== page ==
I received degrees from Columbia and Michigan State Universities with the doctorate in 1972. I have held visiting academic appointments at the Australian National University and the University of North Carolina. I received the Mercer Award from the Ecological Society of America, and served as vice-president of the Society and as an Editor of Ecology and Ecological Monographs. I also have served on National Research Council boards and as a member of the scientific advisory board of the National Center for Ecological Analysis and Synthesis.
I am interested in the nature of species interactions and the consequences of these interactions to the structure of ecological communities. My currently research focuses on larval amphibian communities as a model system to address these questions. My general approach has been to combine experiments in small replicate ponds or mesocosms with theory and field descriptive work in natural ponds.
A major focus of this work has been to understand how animals behave in the face of conflicting demands, in particular those associated with foraging gain/predation risk tradeoffs, and how these individual behaviors are manifest in community phenomena. For example, we have asked how the effects of predators on the phenotype (behavior, morphology, etc.) of prey species responding to such gain/risk tradeoffs are transmitted indirectly (i.e., trait-mediated indirect effects) to other species in simple food webs.
We have shown that larval odonate predators cause both behavioral and morphological changes in anuran larvae and that these trait effects can have as large or larger indirect effects on other species in the food web as the effect of the predator killing prey. We are exploring ways of incorporating such high-order effects in community theory. We also study tradeoffs that arise in species typically found on different regions of environmental gradients, in particular how performance at low resources/habitat quality trades off with performance at high resources/habitat quality and what traits of species are involved.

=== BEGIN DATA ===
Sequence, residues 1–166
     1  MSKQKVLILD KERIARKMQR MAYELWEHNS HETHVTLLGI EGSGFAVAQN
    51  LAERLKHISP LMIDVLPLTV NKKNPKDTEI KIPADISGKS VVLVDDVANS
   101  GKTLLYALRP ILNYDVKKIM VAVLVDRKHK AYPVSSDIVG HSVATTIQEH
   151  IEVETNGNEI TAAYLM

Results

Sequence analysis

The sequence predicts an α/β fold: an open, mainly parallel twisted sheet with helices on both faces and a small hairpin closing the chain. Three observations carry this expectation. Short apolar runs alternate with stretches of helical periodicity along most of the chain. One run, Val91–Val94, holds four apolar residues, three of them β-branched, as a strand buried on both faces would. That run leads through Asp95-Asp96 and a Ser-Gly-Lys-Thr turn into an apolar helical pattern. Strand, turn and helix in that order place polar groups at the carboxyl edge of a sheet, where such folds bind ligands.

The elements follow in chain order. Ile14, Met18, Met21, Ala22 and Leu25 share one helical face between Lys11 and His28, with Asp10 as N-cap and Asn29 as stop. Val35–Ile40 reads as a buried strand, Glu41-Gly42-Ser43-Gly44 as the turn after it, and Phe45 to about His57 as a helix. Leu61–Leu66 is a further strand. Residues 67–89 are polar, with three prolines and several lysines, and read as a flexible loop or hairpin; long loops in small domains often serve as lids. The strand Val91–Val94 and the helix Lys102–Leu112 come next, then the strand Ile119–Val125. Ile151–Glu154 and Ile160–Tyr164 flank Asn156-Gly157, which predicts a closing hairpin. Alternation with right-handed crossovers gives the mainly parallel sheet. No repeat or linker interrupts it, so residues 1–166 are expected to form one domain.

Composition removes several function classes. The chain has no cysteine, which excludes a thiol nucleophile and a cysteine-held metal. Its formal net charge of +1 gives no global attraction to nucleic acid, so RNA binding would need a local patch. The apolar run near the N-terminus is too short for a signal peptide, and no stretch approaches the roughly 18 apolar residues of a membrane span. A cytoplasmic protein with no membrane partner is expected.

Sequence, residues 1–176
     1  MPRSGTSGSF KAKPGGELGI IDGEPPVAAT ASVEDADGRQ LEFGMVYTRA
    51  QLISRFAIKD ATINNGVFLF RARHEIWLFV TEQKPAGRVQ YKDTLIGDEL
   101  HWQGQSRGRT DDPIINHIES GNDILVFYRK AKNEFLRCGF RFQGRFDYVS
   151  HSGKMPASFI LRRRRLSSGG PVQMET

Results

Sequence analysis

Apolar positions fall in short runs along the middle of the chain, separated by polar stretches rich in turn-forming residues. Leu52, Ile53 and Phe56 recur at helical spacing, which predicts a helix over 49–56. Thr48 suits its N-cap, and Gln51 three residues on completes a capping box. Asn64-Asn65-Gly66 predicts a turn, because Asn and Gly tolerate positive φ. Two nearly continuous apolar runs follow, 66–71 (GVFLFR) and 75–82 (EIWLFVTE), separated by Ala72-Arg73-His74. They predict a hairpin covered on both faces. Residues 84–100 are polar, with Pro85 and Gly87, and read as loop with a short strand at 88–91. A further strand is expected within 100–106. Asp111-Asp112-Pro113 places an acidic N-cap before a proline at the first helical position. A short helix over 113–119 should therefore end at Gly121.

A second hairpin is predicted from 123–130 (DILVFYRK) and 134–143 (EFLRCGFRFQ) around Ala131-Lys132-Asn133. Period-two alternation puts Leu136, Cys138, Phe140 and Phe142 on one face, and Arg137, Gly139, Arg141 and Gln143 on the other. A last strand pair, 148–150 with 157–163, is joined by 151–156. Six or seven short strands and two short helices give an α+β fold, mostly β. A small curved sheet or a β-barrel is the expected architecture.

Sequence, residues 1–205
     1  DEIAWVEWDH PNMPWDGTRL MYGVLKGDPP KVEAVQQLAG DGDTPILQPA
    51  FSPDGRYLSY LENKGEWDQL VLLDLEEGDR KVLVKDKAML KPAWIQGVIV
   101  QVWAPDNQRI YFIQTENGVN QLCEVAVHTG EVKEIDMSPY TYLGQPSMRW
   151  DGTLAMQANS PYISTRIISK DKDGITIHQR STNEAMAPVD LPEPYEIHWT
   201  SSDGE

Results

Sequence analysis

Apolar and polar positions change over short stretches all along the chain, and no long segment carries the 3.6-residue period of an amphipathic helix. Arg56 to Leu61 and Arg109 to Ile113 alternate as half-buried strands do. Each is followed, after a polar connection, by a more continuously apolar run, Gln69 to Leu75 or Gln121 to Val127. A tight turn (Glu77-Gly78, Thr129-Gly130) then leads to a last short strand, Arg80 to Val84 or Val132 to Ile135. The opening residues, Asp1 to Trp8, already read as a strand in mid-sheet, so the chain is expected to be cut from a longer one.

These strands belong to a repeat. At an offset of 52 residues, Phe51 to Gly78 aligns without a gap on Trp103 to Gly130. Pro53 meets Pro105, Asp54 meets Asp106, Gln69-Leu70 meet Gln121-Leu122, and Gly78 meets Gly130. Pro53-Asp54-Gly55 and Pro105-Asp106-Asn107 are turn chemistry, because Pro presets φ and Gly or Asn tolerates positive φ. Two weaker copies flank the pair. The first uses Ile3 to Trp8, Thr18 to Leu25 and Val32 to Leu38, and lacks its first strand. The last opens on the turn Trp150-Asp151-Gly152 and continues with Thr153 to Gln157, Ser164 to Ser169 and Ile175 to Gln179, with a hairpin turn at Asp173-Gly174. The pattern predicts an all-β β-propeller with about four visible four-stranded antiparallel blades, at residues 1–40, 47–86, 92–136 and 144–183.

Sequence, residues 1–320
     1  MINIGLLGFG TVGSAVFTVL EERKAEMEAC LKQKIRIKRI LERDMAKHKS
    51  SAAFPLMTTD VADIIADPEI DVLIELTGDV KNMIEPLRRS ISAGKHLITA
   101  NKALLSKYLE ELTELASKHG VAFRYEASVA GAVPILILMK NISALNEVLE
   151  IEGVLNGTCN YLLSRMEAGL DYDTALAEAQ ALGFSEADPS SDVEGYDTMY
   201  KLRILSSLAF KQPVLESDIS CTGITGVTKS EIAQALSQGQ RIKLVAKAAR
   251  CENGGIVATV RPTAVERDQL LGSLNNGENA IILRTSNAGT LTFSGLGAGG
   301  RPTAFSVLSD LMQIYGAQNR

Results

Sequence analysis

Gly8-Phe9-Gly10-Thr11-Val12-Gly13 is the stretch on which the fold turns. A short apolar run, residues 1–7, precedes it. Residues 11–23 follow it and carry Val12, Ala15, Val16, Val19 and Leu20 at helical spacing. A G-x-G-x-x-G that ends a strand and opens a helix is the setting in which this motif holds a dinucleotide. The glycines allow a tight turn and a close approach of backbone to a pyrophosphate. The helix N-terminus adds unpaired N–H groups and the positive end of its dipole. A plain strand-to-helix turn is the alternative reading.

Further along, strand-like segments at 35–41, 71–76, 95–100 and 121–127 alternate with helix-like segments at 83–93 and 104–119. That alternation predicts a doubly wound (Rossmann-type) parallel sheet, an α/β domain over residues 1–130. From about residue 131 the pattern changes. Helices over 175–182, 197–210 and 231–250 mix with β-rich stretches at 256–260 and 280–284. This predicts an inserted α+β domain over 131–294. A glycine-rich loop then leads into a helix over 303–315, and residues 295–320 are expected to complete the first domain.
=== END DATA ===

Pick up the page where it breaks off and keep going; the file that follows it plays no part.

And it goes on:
The backdrop for much of this experimental work is provided by patterns in anuran and macroinvertebrate community structure in natural ponds on the University's E. S. George Reserve. We have a long-term project quantifying densities and population trends in both amphibian larvae and macroinvertebrates in 37 natural ponds on the reserve. These ponds encompass wide environmental gradients of pond hydroperiod, forest canopy cover, and water body size that affect species' distributions.
Other interests of mine and those of students in my laboratory include the exploration of phenotypic plasticity in behavior and morphology of amphibian and odonate larvae, evolutionary responses of prey to different predator communities and size-structured interactions. Finally, I have a long-standing interest in the evolution of complex life cycles and the factors that influence size at metamorphosis in amphibians.